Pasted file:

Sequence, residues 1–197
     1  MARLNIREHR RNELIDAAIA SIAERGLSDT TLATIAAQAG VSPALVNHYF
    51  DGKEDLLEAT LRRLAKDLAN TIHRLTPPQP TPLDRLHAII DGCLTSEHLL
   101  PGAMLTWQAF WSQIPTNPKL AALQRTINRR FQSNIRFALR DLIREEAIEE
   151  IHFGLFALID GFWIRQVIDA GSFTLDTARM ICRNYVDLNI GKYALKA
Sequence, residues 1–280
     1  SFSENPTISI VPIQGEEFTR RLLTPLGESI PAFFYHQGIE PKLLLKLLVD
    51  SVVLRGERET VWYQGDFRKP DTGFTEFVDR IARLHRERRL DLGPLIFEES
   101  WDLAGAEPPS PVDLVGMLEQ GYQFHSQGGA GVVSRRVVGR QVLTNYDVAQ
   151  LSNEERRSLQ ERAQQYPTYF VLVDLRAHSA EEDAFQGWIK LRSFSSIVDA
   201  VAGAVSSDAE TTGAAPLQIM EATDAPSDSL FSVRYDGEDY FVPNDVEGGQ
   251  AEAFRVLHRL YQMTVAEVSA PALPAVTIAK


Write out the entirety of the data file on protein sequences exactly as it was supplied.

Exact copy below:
Sequence, residues 1–197
     1  MARLNIREHR RNELIDAAIA SIAERGLSDT TLATIAAQAG VSPALVNHYF
    51  DGKEDLLEAT LRRLAKDLAN TIHRLTPPQP TPLDRLHAII DGCLTSEHLL
   101  PGAMLTWQAF WSQIPTNPKL AALQRTINRR FQSNIRFALR DLIREEAIEE
   151  IHFGLFALID GFWIRQVIDA GSFTLDTARM ICRNYVDLNI GKYALKA
Sequence, residues 1–280
     1  SFSENPTISI VPIQGEEFTR RLLTPLGESI PAFFYHQGIE PKLLLKLLVD
    51  SVVLRGERET VWYQGDFRKP DTGFTEFVDR IARLHRERRL DLGPLIFEES
   101  WDLAGAEPPS PVDLVGMLEQ GYQFHSQGGA GVVSRRVVGR QVLTNYDVAQ
   151  LSNEERRSLQ ERAQQYPTYF VLVDLRAHSA EEDAFQGWIK LRSFSSIVDA
   201  VAGAVSSDAE TTGAAPLQIM EATDAPSDSL FSVRYDGEDY FVPNDVEGGQ
   251  AEAFRVLHRL YQMTVAEVSA PALPAVTIAK